USC's Maxcy College is home to students of many nations.  The International House builds lifelong bridges of friendship and understanding, and prepares many American and foreign students for international careers.
Photo courtesy International House, University of S.C.

The halls of the University of South Carolina’s Maxcy College reflect the voices not only of many students, but of many languages.  Maxcy houses the University’s International House, a living-learning experience for approximately 200 American and international students.  The students derive many benefits from life in International House, from culinary and cultural events to speakers and grant and research opportunities.  Faculty principle Dr.

"W" is for World War I (1917-1918). When Congress declared war on Germany in April 1917, part of South Carolina was already on a war footing. More than 65,000 South Carolinians served in the armed forces. Eight men from the state were awarded the Medal of Honor. At home civilians supported the war effort through liberty bond drives, home gardens, and meatless and wheatless days. Patriotism cut across racial boundaries in broad support for bond drives and the Red Cross.

A Minute with Miles
SC Public Radio/Mary Noble Ours

Composers during the Baroque period wrote plenty of chamber music, especially trio sonatas, and sonatas for such high-voiced instruments as the violin and the flute. But the chamber music repertoire that today’s audiences are most familiar with probably begins with the piano trios and string quartets of Joseph Haydn. After Haydn, the floodgates opened. 

As the South Carolina economy and unemployment rate have improved dramatically since the Great Recession, our next guest says there are still pockets of our population that face challenges finding jobs, such as senior citizens and those with a criminal background.  And that’s why those are now the focus of his organization’s job placement efforts.

Mike Switzer interviews Pat Michaels, president and CEO of Goodwill Industries of Upstate/Midlands South Carolina based in Greenville, SC.

A column stinkhorn (Clathrus columnatus).
Rebekah D. Wallace, University of Georgia,

A listener finds "something from an alien environment" in his yard.

Making It Grow Minute
SC Public Radio

Hello Gardeners, I’m Amanda McNulty with Clemson Extension and Making It Grow. Sago palms are actually cycads, which are grouped with gymnosperms like pine trees. They are among the oldest seed plants to evolve on our planet.   Cycad fossils date back to almost 300 million years ago and once flourished worldwide.  They were the dominant plant group during the Mesozoic; the period sometimes called both the age of the dinosaur and the age of the cycads.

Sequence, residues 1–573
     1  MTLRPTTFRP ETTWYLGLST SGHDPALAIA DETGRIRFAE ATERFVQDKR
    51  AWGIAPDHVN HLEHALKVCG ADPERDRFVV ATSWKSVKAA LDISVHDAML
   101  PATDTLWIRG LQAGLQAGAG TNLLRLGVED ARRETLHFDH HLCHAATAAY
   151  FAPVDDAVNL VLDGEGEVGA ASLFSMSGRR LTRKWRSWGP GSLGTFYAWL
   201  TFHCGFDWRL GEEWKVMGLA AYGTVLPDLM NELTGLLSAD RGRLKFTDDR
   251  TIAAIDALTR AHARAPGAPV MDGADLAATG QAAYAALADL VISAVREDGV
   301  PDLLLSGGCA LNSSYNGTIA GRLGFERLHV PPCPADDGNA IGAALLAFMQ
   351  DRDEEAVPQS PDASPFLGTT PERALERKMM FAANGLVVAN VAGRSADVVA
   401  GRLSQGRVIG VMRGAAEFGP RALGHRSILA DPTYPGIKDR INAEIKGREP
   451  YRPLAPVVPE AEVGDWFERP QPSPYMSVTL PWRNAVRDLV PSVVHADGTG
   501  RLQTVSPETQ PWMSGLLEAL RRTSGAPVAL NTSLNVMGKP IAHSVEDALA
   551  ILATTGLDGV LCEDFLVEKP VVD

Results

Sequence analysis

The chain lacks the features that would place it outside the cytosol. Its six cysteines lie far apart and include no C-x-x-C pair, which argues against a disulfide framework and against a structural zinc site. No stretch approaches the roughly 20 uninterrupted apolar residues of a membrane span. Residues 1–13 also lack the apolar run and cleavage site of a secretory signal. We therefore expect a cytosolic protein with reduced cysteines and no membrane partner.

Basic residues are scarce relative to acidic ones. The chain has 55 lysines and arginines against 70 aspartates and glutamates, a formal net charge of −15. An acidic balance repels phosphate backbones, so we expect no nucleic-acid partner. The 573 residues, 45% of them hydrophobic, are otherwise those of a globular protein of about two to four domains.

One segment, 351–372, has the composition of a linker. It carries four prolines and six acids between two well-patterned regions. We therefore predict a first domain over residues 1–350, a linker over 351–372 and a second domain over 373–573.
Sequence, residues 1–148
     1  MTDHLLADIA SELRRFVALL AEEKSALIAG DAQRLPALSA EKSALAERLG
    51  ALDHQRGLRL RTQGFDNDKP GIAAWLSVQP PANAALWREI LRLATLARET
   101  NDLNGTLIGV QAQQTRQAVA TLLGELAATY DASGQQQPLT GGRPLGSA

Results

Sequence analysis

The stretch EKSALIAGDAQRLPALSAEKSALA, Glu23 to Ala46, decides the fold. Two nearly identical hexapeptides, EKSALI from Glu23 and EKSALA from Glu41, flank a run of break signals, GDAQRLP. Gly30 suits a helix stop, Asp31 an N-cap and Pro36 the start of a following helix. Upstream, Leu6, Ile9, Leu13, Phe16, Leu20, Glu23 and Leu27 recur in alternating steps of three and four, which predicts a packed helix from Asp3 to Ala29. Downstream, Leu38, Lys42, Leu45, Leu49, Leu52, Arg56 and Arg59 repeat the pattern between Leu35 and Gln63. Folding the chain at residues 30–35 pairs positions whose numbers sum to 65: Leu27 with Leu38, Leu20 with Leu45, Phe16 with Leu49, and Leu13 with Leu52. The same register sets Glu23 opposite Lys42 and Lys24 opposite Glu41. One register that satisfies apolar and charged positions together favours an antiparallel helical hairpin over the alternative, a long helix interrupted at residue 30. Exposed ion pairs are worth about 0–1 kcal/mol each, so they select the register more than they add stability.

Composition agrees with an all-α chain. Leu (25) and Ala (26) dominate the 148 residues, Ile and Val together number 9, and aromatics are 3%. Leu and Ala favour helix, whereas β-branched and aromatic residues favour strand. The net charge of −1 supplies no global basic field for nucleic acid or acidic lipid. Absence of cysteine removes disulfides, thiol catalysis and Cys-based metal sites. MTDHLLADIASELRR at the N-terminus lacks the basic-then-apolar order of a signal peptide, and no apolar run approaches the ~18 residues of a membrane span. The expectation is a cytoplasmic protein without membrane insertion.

South Carolina From A to Z
SC Public Radio

"B" is for Bennett, Thomas, Jr.

A Minute with Miles
SC Public Radio/Mary Noble Ours

You could write a book about the life of the German composer Georg Philipp Telemann– and as it turns out,  Telemann himself wrote three – three separate autobiographies. One of the things he wrote about is the time he spent in Poland in his early twenties. He became familiar with Polish and Moravian folk music during this period—he wrote that he experienced it in “all its barbaric beauty”—and he also heard the music of Eastern European gypsies. 

Randy Pellisero
Mike Switzer/SC Public Radio

A Council of Government, also known as a COG, is an association of local governments, usually across several counties, that work towards facilitating intergovernmental land use and transportation planning, community development, mapping, and more, such as economic development, which happens to be our next guest’s focus.

Mike Switzer interviews Randy Pellisero, the senior lending officer at the Catawba Regional Council of Governments in Rock Hill, SC.

Eastern Pheobe

Feb 28, 2018
An Eastern Phoebe.
Katja Schulz [CC BY 2.0], via Wikimedia Commons

A listener spots an Eastern Phoebe in her yard.

The Ancient Cyads

Feb 28, 2018
Making It Grow Minute
SC Public Radio

Hello Gardeners, I’m Amanda McNulty with Clemson Extension and Making It Grow. Sago palms are the most readily available cold hardy cycads that we can grow in most of South Carolina. Well-established cycads will usually survive temperatures down to 15 degrees, but their beautiful, stiff, pinnately-compound leaves which normally stay green and live through winter are killed when we have unusually low temperatures. It’s best to let those dead leaves most of our sagos now have remain on the plants as they can give some protection to the growth points.

The inside of David Jones' practice balls are ribbed to give them strength.  The two halves are fused together by friction.
Tut Underwood/SC Public Radio

David Jones and his son Brantley are baseball fans.  Brantley played as a youngster, and was so enthusiastic about batting practice that his older brother, who didn’t like the game, was forced by circumstance to invent a pitching machine so he wouldn’t have to pitch to his brother for hours every day.  That machine, created as a school science project when he was only 11, and Brantley just 9, became the foundation for a business. 

Massive, Seldom-Staged Bernstein Work Comes to SC

Feb 27, 2018

With musical influences as diverse as jazz, Broadway, rock, and the liturgy of the Catholic Church, Leonard Bernstein’s MASS: A Theatre Piece for Singers, Players, and Dancers is a work that demands versatility from its scores of performers. The range of music genres in Mass, along with the difficulties of coordinating the variety of performing groups for which it calls, make staging the work a seldom-pursued challenge.

This week Bobbi Conner talks with Dr. Elizabeth Mack about myths and misconceptions about common childhood illnesses. Dr. Mack is a Pediatric Critical Care Physician at MUSC Children’s Health and she is a spokesperson for the American Academy of Pediatrics.